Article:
Ternary-chalcopyrite structure ZnGeP2, CdGeAs2 (II-IV-V2) and AgGaS2, AgGaSe2 (I-III-VI2) compounds are currently of technological interest. They show the most promise for practical nonlinear optical applications in the areas of high-efficiency optical parametric oscillators and frequency up-converters for the infrared (ir) range as well as for widespectral-range optoelectronic devices. (See also the article by Schunemann, Schepler, and Budni in this issue.) However extensive realization of their potential has still not been achieved. One of the principal difficulties in the way to obtaining high-device-quality ZnGeP2, CdGeAs2, AgGaS2, and AgGaSe2 single crystals is undesired optical absorption in their transparency range near the fundamental band edge induced by lattice-related defects. This article summarizes selected aspects of dopant-incorporation techniques of these crystals including dopant choice of dopant material and monitoring of dopant incorporation as done in our laboratory.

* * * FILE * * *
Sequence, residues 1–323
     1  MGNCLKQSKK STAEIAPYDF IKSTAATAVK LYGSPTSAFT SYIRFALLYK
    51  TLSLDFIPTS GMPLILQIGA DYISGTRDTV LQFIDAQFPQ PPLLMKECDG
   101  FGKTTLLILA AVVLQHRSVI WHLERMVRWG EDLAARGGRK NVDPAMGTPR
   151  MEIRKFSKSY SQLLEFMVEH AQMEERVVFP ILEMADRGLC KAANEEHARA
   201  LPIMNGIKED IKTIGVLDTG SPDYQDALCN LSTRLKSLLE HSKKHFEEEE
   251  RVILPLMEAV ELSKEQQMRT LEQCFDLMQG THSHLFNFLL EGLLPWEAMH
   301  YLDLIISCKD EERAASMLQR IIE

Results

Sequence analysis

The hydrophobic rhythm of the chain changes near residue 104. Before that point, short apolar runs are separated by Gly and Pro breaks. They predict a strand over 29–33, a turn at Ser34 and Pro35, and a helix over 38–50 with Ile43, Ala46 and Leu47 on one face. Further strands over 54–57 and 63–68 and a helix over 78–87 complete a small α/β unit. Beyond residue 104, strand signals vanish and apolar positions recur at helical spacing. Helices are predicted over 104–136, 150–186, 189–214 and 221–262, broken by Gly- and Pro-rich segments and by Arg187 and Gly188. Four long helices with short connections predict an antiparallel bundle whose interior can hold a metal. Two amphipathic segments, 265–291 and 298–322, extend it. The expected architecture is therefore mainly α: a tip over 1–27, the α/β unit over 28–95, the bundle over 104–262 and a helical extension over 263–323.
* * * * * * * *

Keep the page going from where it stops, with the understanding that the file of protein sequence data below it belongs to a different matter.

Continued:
In general for the ternary chalcopyrite compounds, doping-incorporation processes are more complicated in comparison to those of binary zinc-blende III-V compounds. The most common sources of dominant incorporation of acceptors and donors in as-grown chalcopyrites are believed to appear from (1) nonstoichiometric melts as well as by doping with different elements during the growth process and (2) incomplete removal of disorder on the cation sublattice during subsequent cooling. Furthermore the chalcopyrite structure II-IV-V2 undergoes a disorder-order phase transition upon cooling through approximately 1220 K for ZnGeP2 and 900 K for CdGeAs2. At these transition temperatures, solidification can be complicated also by supercooling phenomena, and the crystals transform from the cubic zinc-blende structure (where Zn atoms randomly fill cation sites) to the ordered chalcopyrite structure (e.g., when Zn and Ge occupy alternating cation sites in ZnGeP2).